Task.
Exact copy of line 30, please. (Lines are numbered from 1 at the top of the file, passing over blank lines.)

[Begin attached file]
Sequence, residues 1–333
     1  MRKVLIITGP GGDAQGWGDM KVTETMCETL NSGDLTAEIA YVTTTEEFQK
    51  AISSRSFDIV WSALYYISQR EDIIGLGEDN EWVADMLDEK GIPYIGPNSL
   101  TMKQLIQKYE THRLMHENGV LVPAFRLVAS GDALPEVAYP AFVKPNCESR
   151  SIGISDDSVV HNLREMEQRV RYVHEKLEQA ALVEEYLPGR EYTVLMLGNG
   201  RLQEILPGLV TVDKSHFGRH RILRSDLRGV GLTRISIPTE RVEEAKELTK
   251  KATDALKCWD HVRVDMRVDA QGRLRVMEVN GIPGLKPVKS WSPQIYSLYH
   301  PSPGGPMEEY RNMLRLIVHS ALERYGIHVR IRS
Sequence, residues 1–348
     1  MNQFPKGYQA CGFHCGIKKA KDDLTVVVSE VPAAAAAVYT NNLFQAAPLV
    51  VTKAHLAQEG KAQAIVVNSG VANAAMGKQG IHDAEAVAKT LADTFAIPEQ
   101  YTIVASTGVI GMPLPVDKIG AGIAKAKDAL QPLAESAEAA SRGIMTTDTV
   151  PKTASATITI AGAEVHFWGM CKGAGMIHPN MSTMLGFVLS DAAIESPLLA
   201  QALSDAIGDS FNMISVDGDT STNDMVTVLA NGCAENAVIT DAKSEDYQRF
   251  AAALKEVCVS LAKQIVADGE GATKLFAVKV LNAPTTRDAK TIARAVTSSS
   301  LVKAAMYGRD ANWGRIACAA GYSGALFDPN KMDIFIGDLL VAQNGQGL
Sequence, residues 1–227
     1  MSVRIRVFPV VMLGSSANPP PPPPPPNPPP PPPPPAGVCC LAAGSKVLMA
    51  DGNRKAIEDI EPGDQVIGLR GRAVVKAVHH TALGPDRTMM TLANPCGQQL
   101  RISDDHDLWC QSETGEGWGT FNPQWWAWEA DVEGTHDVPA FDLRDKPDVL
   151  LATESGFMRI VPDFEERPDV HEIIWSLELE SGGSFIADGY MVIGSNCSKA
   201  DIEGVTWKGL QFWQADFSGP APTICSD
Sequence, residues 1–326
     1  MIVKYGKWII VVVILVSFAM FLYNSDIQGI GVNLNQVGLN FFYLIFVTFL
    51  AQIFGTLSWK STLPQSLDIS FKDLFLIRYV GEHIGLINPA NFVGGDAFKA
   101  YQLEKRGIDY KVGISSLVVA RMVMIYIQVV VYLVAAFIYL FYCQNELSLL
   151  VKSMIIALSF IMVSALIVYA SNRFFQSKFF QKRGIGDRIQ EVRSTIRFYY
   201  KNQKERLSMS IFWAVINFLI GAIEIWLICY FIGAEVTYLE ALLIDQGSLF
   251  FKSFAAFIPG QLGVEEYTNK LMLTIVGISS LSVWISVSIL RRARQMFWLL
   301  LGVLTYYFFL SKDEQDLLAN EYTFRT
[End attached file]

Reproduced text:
   301  LGVLTYYFFL SKDEQDLLAN EYTFRT